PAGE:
is required in granting patents. As long as it shows slight creativity
and as long as it is not more of a copy of earlier work, copyright can
- It must be fixed: to obtain copyright, the work must be fixed in a
tangible medium of expression, that is, it must be descriptive and
physical. It does not have to be the final or thought-out version of the
work, such as the draft of a novel on paper or the flash memory of a
Recently an issue has arisen that whether an Artificial Intelligence (AI) can be
granted a patent or copyright for its invention or creation. Advocates of it who
favor granting of patents and copyrights to AI claim that just like in the case
of human beings whose inventions or creations are protected by patents or
copyrights, there is no reason why inventions or creations of AI cannot be
protected. They claim that it is unjustified to refuse to grant a patent or
copyright to AI if its work fulfills all the requirements or prerequisites
needed for granting a patent or copyright.
Artificial Intelligence (AI):
Artificial intelligence (AI) is a branch of computer science concerned with
building smart machines capable of performing tasks that typically require human
intelligence. John McCarthy defines Artificial Intelligence as, "It is the
science and engineering of making intelligent machines, especially intelligent
computer programs. It is related to the similar task of using computers to
understand human intelligence, but AI does not have to confine itself to methods
that are biologically observable". In its simplest form, artificial intelligence
is a field, which combines computer science and robust dataset, to enable
problem-solving. Some examples of AI are Siri, Alexa and other smart assistants,
Self-driving cars, Robot-advisors, Conversational bots, etc. Machines equipped
with artificial intelligence have already done a lot of creative things like
making visual art, writing poetry, composing music, etc. Google's AI was even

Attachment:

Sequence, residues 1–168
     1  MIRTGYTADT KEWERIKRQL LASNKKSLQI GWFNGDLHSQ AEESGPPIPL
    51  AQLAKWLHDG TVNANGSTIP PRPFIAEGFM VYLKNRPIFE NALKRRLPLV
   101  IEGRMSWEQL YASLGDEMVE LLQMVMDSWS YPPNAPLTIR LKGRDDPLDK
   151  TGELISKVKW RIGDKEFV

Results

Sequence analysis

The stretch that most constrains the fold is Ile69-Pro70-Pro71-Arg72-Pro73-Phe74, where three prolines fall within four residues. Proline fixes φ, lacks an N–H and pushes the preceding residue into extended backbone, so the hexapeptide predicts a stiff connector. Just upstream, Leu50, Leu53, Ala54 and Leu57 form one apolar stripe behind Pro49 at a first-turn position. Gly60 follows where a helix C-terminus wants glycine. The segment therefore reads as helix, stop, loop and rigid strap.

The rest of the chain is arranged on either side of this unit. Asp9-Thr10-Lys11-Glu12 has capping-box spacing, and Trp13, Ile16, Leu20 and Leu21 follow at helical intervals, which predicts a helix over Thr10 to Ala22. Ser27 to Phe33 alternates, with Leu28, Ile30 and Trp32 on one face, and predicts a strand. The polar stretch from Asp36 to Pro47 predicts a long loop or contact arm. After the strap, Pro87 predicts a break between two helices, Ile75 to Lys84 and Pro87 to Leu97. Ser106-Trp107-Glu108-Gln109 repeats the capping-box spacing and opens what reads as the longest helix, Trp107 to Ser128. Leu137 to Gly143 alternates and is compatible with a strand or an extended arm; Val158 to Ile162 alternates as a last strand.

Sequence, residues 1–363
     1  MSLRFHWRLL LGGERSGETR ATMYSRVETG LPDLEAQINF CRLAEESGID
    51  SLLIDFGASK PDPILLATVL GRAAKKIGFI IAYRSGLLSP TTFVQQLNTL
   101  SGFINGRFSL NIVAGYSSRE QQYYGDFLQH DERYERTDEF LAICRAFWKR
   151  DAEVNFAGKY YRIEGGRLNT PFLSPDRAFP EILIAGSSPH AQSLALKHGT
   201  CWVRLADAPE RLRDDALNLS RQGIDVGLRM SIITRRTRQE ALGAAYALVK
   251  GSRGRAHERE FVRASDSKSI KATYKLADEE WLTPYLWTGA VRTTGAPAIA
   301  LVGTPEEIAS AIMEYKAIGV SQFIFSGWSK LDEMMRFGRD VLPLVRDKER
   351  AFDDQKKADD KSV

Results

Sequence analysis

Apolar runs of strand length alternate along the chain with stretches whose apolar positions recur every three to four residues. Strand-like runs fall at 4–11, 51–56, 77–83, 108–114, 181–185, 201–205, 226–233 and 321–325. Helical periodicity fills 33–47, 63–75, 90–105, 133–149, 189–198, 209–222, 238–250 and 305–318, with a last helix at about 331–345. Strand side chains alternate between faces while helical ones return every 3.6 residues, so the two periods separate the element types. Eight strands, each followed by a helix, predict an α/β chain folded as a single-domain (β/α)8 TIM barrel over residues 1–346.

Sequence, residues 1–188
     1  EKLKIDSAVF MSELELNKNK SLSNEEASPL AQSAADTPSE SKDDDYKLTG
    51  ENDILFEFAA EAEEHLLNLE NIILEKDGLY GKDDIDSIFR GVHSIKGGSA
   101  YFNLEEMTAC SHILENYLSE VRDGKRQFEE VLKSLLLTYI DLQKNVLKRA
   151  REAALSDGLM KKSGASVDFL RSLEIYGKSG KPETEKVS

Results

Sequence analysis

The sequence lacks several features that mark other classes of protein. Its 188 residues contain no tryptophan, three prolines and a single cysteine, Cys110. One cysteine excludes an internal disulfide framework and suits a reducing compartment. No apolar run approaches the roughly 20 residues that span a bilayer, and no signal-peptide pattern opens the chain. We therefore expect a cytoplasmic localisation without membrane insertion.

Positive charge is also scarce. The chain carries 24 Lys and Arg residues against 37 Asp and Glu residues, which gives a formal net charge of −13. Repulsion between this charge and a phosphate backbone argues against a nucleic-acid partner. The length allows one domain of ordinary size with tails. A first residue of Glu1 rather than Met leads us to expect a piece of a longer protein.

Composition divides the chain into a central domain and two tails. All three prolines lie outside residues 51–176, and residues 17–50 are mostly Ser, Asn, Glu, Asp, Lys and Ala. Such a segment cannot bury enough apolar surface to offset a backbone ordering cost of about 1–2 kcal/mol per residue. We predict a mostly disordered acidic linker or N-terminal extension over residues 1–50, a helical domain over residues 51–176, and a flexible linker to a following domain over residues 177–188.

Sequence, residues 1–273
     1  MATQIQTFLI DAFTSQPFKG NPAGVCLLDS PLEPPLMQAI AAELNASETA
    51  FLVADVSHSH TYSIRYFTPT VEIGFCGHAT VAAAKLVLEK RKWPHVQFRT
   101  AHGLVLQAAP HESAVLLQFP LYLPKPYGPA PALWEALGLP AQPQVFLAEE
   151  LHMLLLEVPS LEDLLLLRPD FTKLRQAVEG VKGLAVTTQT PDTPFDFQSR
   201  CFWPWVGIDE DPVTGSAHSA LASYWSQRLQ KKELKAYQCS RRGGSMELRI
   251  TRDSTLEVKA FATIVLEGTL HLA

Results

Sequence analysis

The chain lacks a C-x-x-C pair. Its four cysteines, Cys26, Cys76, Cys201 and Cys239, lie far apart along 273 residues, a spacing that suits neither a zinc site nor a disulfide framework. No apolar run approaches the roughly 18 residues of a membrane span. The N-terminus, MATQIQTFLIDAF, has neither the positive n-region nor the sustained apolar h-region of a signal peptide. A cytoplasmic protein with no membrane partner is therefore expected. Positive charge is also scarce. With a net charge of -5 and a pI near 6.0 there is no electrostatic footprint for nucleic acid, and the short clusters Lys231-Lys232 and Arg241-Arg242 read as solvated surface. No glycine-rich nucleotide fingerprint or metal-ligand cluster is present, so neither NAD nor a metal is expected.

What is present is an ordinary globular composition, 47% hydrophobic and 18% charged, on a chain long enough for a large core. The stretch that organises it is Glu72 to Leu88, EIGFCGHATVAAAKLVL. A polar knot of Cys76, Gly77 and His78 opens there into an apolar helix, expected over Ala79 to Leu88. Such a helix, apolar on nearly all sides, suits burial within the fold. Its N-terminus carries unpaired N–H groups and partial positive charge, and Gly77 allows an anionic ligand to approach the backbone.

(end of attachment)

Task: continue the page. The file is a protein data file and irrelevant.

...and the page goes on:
able to create its own AI "child"—that outperformed its human-made counterparts.
So the issue arises that whether Artificial Intelligence can be granted patents
and copyrights for their inventions or creations.
Can artificial intelligence (AI) receive a patent?
This issue aroused mainly when
"Dr. Stephen Thaler", the architect of the
artificial intelligence system known as DABUS an acronym for "Device for the
Autonomous Bootstrapping of Unified Sentience" applied for the patent of two
inventions in the name of an AI system known as DABUS. Stephen applied for a
patent in many countries, some have granted it and some have rejected it. In
some jurisdictions, the appeal is pending in higher courts. It must be noted
that Stephen lists himself as an Assignee to the said patent applications and
would hold the rights to the patent applications if the patent application meets
the requirements of the respective Patent Office. Some countries like South
Africa and Australia have allowed the application and have registered the
patents in the name of DABUS. Some countries have rejected the application and
in some countries like the United States and the United Kingdom appeals are
pending following initial rejections. So it could be said that DABUS is the
first Artificial Intelligence system to be registered as an inventor and owner
of a patent in some countries of the world.
In July 2021 South Africa became the first country in the world to grant a
patent in the name of the AI system DABUS. Professor Adrian Hilton, director of
the Institute for People-Centered AI at the University of Surrey, hailed this
decision as an indication of the transition from a time when creativity was a
human-only activity to a time where machines can realize the innovative process,
unleashing the potential of AI-generated inventions for societal benefit.
Just after a few days of granting a patent by South Africa, Australia became the
second country in the world to recognize the AI system DABUS as an inventor. On
July 30, 2021, the Federal Court of Australia, in "Stephen Thaler v.
Commissioner of Patents"[ii] ruled in favor of Stephen and allowed DABUS to be
granted a patent and listed as an inventor. In this case, the court held that
there is nothing in the act that can exclude the AI system from being an
inventor. It held that the term "inventor" in the act is an "agent noun" and it
can be any person or thing and accordingly if the AI system invents it is an
inventor in the act.
Responding to the commissioner's argument that how can AI
exercise its rights it held:
"First, that position confuses the question of
ownership and control of a patentable invention including who can be a patentee,
on the one hand, and on the other hand with the question of who can be an